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History: Cold War

History: Cold War

The Cold War After World War II, the United States and its allies and the Soviet Union and its satellite states began a decades-long struggle for supremacy known as the Cold War. Soldiers of the Soviet Union and the United States did not do battle directly during the Cold War. But the two superpowers continually antagonized each other through political maneuvering, military coalitions, espionage, propaganda, arms buildups, economic aid, and proxy wars between other nations. From Allies to Adversaries The Soviet Union and the United States had fought as allies against Nazi Germany during World War II. The Soviet Union was determined to have a buffer zone between its borders and Western Europe. As the Soviets tightened their grip on Eastern Europe, the United States embarked on a policy of containment to prevent the spread of Soviet and communist influence in Western European nations such as France, Italy, and Greece. communist takeovers of democratically elected governments. The Worldwide Cold War

US History Timeline: Cold War Before 1600 | 1600 - 1700 | 1700 - 1800 | 1800 - 1900 | 1900 - 2000 | American Revolution Timeline | Cold War Timeline 1945 Feb. Yalta Conference May World War II ends in Europe. Aug. U.S. drops an atomic bomb on Hiroshima, Japan. Potsdam Conference - Truman - Stalin and British divide up Europe 1946 Jan. 1947 Jan. March Truman Doctrine announced. 1948 June Berlin Airlift begins (ends May 19, 1949) 1949 April North Atlantic Treaty Organization (NATO) established. Aug. Oct. 1950 June U.S. and other U.N. members fight North Korean forces. (the Korean War ends July 27, 1953) 1953 Aug. 1954 June U.S. sponsored coup overthrows Guatemalan government. Sept. 1955 May Warsaw Pact formed. July First Summit Meeting between President Dwight Eisenhower and Premier Nikita Khrushchev. 1956 Nov. 1957 Oct. 1959 Feb. 1961 Apr. Aug. 1962 June Sino‑Soviet Conflict begins. Oct. 1964 Oct. 1965 April U.S. sends troops to the Dominican Republic. Aug. 1968 Aug. 1972 Feb. 1973 Sept. 1975 Apr. 1976 Feb. 1979 Jan. Dec. Sept.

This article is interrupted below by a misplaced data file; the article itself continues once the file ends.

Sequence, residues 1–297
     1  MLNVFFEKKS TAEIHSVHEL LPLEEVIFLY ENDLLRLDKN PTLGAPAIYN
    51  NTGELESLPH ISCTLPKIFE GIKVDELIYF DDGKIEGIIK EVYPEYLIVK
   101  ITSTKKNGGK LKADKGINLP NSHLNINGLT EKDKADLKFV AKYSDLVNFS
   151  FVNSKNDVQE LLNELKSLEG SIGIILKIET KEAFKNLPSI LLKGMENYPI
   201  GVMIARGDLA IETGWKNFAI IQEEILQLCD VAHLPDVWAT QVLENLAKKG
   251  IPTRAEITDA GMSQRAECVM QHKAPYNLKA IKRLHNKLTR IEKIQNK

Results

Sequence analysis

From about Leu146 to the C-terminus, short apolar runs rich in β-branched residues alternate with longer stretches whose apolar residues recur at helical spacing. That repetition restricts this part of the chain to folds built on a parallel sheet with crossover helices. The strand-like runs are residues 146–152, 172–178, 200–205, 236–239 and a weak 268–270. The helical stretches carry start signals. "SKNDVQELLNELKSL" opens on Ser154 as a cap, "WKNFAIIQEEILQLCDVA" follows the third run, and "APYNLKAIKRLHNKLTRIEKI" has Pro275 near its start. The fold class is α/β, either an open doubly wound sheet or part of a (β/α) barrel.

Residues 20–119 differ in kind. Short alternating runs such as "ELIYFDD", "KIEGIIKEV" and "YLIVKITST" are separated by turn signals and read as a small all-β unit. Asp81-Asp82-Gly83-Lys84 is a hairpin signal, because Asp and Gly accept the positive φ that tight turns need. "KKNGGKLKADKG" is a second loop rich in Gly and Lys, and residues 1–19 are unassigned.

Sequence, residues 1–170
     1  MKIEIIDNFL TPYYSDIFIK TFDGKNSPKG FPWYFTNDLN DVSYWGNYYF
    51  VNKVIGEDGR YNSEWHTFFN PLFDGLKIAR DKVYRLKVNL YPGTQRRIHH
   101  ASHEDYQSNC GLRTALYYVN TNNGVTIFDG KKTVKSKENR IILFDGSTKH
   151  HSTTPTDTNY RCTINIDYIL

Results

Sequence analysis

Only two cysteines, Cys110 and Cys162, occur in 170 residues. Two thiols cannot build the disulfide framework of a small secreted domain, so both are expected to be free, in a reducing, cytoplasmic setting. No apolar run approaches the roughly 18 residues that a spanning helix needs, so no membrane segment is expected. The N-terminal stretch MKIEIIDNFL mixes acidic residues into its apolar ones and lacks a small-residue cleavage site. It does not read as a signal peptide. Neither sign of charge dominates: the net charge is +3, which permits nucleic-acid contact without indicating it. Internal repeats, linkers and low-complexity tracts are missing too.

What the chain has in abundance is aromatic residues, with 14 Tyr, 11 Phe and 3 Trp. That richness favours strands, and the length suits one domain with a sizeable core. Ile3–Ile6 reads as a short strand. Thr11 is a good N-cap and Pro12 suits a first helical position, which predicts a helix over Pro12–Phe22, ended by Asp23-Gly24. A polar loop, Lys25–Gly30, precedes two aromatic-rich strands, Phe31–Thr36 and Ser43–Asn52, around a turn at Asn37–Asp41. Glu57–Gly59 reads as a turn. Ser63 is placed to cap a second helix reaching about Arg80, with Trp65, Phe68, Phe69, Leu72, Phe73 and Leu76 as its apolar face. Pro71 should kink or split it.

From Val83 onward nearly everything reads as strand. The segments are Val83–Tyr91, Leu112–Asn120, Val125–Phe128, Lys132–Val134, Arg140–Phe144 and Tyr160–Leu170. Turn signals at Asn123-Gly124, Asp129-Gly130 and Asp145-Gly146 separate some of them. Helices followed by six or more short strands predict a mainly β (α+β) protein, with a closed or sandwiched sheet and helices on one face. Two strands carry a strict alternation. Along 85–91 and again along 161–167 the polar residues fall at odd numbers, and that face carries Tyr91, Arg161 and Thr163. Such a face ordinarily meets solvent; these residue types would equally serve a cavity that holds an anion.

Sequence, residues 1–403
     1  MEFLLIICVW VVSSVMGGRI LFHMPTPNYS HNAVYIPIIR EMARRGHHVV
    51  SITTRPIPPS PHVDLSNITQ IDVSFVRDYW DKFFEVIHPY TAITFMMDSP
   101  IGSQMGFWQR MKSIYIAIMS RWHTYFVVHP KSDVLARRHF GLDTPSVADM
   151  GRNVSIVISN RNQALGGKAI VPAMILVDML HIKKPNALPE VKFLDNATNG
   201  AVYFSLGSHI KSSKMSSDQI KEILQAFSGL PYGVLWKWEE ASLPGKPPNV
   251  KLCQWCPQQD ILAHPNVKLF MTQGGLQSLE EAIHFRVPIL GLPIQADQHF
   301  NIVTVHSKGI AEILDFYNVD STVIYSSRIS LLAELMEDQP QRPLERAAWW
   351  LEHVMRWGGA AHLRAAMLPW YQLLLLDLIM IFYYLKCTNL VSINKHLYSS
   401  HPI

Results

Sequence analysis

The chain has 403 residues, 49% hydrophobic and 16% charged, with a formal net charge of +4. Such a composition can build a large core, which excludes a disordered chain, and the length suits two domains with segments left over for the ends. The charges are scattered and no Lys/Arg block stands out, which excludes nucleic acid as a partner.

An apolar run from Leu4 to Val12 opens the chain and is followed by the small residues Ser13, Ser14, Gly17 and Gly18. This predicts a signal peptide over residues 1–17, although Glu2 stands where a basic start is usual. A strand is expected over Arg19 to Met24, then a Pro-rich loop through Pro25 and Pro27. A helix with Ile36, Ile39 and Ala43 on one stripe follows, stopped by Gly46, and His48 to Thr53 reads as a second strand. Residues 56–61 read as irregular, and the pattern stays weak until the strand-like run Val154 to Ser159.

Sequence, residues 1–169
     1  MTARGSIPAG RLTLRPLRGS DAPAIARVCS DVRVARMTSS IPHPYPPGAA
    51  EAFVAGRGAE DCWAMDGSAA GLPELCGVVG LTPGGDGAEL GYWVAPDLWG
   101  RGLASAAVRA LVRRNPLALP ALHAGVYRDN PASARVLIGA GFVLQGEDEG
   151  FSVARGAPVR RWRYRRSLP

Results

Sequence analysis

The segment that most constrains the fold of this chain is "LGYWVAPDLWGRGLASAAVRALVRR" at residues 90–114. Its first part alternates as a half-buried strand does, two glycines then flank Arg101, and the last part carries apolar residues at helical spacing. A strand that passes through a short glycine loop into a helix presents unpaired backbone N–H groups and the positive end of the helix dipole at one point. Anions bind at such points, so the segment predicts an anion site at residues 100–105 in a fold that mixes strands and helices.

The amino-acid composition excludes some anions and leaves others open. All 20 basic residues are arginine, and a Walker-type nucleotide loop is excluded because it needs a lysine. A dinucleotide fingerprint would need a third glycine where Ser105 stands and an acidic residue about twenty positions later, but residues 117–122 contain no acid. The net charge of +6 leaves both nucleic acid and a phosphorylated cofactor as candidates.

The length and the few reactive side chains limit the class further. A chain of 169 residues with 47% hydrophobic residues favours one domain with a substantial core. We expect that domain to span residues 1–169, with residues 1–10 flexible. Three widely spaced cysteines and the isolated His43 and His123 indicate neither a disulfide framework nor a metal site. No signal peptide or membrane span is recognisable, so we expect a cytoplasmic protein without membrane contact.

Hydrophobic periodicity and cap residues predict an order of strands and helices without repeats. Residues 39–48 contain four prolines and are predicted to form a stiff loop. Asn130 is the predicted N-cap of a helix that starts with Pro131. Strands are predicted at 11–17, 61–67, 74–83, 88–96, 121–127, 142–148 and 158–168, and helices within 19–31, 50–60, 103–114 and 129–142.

Cold War History - Cold War Almost as soon as he took office, President Richard Nixon (1913-1994) began to implement a new approach to international relations. Instead of viewing the world as a hostile, “bi-polar” place, he suggested, why not use diplomacy instead of military action to create more poles? To that end, he encouraged the United Nations to recognize the communist Chinese government and, after a trip there in 1972, began to establish diplomatic relations with Beijing. Despite Nixon’s efforts, the Cold War heated up again under President Ronald Reagan (1911-2004). Even as Reagan fought communism in Central America, however, the Soviet Union was disintegrating. Access hundreds of hours of historical video, commercial free, with HISTORY Vault.